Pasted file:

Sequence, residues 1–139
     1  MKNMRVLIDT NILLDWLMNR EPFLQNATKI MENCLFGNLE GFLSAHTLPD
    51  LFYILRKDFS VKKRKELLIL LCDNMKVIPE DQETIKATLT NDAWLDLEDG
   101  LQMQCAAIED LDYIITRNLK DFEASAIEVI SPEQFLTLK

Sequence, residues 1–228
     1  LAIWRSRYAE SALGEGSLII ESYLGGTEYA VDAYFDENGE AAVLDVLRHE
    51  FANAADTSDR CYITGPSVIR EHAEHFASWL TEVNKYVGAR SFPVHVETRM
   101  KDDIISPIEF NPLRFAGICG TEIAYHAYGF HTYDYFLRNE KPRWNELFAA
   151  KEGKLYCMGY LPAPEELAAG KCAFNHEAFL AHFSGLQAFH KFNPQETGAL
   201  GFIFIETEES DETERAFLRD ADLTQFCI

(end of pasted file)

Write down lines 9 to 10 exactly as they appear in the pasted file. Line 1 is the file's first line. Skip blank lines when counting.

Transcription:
   151  KEGKLYCMGY LPAPEELAAG KCAFNHEAFL AHFSGLQAFH KFNPQETGAL
   201  GFIFIETEES DETERAFLRD ADLTQFCI